New Directions

6. You decided to forge a new path by taking a different direction in your career and/or creative life. Describe the moment you knew you were going to pursue your passion and why?

I love this story, because it's sad, but true. I had been in the graphic design/advertising business for about 15 years. I was working on a newspaper ad campaign for a client. She was nice, but the pressure and deadlines were horrendous. I busted my butt for that project and it did turn out great. Two weeks later I was volunteering at my local SPCA. I was cleaning out the cat cages early one morning, and a little grey tabby had pooped all over the bottom of her cage- it was lined with my newspaper ad. My work was fodder. If I wanted to impact more than the grey tabby in this life, it needed to be doing something other than advertising. I donated more design work to the SPCA, and started writing a book. I've always loved to write, and knowing how books have impacted me, it made sense to pick up the pen. I had stories to share.

7. Tell us about your new venture.

It started poorly. I wrote a children's novel for National Novel Writers Month that went nowhere- the characters were fun, but the plot was broken and unexciting. Then I wrote a few freelance articles, then a blog. Out of that came my first book, Bonjour 40Then I got a regular column on the website Shelf Pleasure called Will Travel For Words. That gig made me feel like a real writer, because I was asked to do it.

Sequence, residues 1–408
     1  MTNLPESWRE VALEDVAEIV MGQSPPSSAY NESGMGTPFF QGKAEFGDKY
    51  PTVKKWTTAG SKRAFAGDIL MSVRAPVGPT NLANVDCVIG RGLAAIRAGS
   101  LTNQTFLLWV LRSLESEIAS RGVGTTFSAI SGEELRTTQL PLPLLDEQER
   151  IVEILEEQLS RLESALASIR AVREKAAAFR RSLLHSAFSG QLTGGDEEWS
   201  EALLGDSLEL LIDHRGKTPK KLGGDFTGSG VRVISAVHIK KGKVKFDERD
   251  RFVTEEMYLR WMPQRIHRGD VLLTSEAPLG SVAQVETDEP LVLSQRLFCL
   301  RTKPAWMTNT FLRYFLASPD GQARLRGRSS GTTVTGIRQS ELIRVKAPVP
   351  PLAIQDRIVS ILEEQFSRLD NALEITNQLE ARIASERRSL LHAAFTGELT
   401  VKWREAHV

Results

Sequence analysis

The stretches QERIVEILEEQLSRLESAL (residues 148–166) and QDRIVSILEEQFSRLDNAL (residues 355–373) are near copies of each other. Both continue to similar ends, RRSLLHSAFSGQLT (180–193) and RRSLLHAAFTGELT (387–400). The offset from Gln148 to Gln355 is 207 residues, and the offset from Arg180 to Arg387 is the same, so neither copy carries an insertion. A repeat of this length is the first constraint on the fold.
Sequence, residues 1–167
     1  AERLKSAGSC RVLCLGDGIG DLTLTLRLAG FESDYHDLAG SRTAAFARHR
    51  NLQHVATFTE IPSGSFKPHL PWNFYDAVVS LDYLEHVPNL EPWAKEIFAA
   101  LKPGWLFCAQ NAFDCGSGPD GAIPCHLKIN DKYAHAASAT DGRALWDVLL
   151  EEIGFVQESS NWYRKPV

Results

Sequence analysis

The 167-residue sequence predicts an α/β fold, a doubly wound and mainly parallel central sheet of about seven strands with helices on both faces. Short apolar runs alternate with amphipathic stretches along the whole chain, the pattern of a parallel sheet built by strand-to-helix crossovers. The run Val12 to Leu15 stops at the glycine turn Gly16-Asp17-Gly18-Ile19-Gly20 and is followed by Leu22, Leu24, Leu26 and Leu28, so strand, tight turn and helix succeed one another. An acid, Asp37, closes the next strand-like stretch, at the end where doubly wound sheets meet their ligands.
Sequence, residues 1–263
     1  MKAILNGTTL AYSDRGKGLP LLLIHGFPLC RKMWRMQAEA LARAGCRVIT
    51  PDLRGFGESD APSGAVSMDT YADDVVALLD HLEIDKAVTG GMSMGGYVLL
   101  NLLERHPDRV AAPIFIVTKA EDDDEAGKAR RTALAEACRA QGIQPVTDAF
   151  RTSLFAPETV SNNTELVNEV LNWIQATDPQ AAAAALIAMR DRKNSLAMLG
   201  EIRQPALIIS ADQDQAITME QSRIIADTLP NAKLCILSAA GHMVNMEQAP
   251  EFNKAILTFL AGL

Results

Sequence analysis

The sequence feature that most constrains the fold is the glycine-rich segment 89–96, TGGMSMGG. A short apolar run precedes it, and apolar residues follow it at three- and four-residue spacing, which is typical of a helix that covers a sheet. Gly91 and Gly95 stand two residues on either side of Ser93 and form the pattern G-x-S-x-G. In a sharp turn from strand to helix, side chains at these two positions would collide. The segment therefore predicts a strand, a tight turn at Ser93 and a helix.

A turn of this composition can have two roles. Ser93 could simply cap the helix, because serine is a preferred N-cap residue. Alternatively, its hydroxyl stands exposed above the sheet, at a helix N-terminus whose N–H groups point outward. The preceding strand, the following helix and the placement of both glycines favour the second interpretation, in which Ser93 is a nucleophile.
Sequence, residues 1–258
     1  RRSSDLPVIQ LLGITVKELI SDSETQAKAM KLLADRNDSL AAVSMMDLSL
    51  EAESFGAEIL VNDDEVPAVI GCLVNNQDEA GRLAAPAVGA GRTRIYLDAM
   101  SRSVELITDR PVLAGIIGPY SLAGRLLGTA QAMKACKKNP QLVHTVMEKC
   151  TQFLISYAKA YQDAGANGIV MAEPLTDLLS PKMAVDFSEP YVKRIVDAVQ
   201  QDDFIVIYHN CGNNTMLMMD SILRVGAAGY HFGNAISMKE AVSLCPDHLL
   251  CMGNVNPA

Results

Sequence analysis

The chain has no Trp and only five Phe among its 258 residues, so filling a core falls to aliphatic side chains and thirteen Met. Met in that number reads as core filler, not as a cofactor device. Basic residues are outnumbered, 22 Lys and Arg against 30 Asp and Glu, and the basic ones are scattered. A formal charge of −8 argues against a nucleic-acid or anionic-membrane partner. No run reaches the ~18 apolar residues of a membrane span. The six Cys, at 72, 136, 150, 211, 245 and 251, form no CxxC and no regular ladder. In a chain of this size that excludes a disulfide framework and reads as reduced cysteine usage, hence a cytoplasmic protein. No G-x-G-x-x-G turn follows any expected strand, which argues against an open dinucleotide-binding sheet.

Now I'm almost finished with an historical fiction book about the Declaration. That's been nearly a five-year project, and I maintained my design business most of that time. In the space of what I hope will be a long life, the five-year transition won't feel quite so long perhaps. Not all change is easy, or quick, but the passion was there so I simply had to do it. 

8. Any new step is a risk. How do you stay motivated during the difficult moments?

My partner, Ted, is a huge cheerleader ( I swear he carries pom-poms in his pockets). I also think back to my moment with the SPCA tabby and remind myself how poopy it all was before. I also work out, run, bike and take trips. Travel reminds me that I have to make money at writing so I can travel.



The Fun Stuff

9. Coffee or Tea?

Love iced tea, but beginning the day with Ted or friends over coffee is charming.

10. What do you do to unwind after a hard day?

Snuggle. Is that too cheesy? Cook. And now I garden. I like getting my hands in things and moving around after sitting hunched over the keyboard all day.

11. If you could have dinner with any woman throughout history who would it be?

Jane Austen....Meryl Streep.....My grandmothers.....Cleopatra....yes, maybe her. That woman had some serious chutzpah.

12. If you could give any piece of advice to yourself at 20 what would it be?

He is not the one. Do it if you must, but let yourself grow in spite of it. And get the hell out of Texas (I was living there.)